n April 30th and May 3rd, 1979. The only principal castmembers needed were stars Tom Baker and Lalla Ward, along with Tom Chadbon who played Duggan (Williams and Adams' version of Pug Farquharson). Unfortunately, the crew had not taken into account the fact that this was the time of the May Day holiday, which meant that most of their intended locations were closed for the first two days of shooting. This caused particular problems at two sites.

First, the Denise Rene art gallery was
found to be shut and its owners unreachable. Director Michael Hayes (whose most recent work had been on The Armageddon Factor at the end of the previous season; this would be his third and final Doctor Who serial) only needed outdoor shots anyhow -- of the Doctor and Romana running up to the doors -- and so decided to continue taping regardless. Unfortunately, on the fourth take, Baker rattled the gallery doors too violently, setting off a burglar alarm. With enough shots already in the can, cast and crew hurried away to the next location, leaving Nathan-Turner to mollify the gendarmes. Later that day, Hayes learned that his request to carry out some filming on the grounds of the Louvre had been turned down. With only a few brief sequences needed, Hayes elected to do the filming anyway.

Then, on the next day, cast and crew arrived at a cafe
called the Cafe Coquille, only to find that it, too, was closed for the holiday. When the owner refused to open his doors, filming was forced to relocate; the proprietors of the nearby Notre Dame Cafe, fortunately, agreed to allow Hayes' team access to their premises. Unfortunately, because the cafe set was already being put together back in London based on the Coquille, Hayes was forced to keep his camera angles very tight, to avoid showing too much of the Notre Dame's interior.

ity Of Death -- as the serial was now known, in a further bid to play up its Paris location -- enjoyed five studio days, first on May 21st and 22nd, and then between June 3rd and 5th. One notable addition was made to the script on May 22nd, when Adams discovered that two old friends of his -- actor/comedians John Cleese and Eleanor Bron -- were available were to make cameo appearances. Meanwhile, City Of Death lost a member of its crew when disputes between Ward and costume designer Doreen James about Romana's outfit came to a head, resulting in James' permanent departure from Doctor Who. Jan Wright replaced James for the second recording block.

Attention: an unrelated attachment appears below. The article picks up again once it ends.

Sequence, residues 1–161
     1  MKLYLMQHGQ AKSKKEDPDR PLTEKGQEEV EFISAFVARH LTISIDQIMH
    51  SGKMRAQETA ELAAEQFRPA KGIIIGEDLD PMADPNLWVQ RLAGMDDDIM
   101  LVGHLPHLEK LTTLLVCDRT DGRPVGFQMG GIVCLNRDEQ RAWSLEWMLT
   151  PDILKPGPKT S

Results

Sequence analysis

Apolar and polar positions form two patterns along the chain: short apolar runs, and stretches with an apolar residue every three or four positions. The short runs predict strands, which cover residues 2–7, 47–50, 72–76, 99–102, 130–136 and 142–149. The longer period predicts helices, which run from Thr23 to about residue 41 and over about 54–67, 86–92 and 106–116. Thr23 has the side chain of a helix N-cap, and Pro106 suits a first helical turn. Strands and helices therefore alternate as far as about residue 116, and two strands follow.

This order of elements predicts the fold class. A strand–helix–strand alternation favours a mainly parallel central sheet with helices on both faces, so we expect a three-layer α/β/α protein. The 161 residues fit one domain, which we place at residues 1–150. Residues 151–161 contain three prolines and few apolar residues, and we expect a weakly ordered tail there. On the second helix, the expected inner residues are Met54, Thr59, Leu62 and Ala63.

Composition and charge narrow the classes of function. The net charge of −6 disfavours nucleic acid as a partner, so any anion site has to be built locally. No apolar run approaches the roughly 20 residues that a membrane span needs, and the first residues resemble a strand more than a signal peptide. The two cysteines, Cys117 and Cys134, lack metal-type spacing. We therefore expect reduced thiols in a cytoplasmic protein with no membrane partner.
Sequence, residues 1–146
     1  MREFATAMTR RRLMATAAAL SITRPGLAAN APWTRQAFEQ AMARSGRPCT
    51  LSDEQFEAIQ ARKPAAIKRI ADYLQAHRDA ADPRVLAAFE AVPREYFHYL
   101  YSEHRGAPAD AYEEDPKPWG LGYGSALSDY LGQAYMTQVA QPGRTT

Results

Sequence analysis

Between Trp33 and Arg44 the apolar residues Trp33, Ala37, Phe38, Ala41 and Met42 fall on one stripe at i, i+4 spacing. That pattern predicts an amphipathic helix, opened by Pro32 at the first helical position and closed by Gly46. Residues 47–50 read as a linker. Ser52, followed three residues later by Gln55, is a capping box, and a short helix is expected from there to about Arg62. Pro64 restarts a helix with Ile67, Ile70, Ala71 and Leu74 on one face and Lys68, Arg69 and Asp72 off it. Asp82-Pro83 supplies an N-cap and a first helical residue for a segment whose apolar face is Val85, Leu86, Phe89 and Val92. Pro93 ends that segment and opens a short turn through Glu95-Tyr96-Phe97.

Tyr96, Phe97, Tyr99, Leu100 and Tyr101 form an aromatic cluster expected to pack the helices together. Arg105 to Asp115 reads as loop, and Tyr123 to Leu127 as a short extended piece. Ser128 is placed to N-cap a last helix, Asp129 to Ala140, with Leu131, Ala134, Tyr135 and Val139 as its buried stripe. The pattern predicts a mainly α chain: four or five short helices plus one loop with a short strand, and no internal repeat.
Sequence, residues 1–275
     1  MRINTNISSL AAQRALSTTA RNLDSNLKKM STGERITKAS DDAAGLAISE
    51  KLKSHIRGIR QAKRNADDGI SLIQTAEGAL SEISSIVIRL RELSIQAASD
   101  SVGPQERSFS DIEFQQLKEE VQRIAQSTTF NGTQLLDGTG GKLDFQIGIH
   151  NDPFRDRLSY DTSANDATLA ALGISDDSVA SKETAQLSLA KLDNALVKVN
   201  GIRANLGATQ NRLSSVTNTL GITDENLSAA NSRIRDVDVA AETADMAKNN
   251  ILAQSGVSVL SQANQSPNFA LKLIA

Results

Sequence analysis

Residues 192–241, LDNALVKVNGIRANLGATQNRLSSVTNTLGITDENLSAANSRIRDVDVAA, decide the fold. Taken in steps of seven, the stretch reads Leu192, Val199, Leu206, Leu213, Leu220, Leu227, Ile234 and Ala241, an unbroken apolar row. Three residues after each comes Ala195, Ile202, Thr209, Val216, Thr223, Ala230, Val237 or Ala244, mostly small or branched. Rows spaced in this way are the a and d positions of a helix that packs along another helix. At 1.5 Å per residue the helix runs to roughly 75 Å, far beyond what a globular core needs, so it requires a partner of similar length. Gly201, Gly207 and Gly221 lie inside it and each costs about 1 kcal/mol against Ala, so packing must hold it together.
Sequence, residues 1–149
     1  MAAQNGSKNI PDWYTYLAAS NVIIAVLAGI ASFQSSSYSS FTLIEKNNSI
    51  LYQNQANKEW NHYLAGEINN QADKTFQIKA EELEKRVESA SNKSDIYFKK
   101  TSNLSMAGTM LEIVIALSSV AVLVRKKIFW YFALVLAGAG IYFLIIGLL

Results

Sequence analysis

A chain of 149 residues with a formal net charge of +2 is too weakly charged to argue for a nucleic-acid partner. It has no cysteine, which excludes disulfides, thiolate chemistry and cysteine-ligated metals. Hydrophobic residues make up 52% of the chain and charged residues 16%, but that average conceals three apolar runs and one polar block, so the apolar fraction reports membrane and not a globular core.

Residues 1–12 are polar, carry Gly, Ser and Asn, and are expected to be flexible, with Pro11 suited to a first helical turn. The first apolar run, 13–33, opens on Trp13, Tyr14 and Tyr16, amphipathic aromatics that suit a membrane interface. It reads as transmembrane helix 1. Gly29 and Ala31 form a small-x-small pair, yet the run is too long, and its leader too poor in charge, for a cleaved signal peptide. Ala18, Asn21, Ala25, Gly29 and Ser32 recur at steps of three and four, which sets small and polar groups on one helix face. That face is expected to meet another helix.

City Of Death wa
s broadcast between September 29th and October 19th, during the final weeks of an industrial dispute which had kept ITV -- the BBC's major competitor -- from broadcasting since August. Consequently, City Of Death enjoyed phenomenally high ratings, averaging 14.5 million viewers, and reaching a high of 16.1 million for episode four: the largest audience ever for a Doctor Who episode. (In fact, figures compiled by the Joint Industry Committee for Television Audience Research -- JICTAR -- suggest even higher ratings, up to 19.6 million viewers for both episodes three and four.)

City Of Death is one of the
very few Doctor Who serials not yet novelised, due to the high page rates commanded by Adams and his refusal to let anyone else tackle the story. However, Adams did include many elements from City Of Death in his 1987 novel Dirk Gently's Holistic Detective Agency.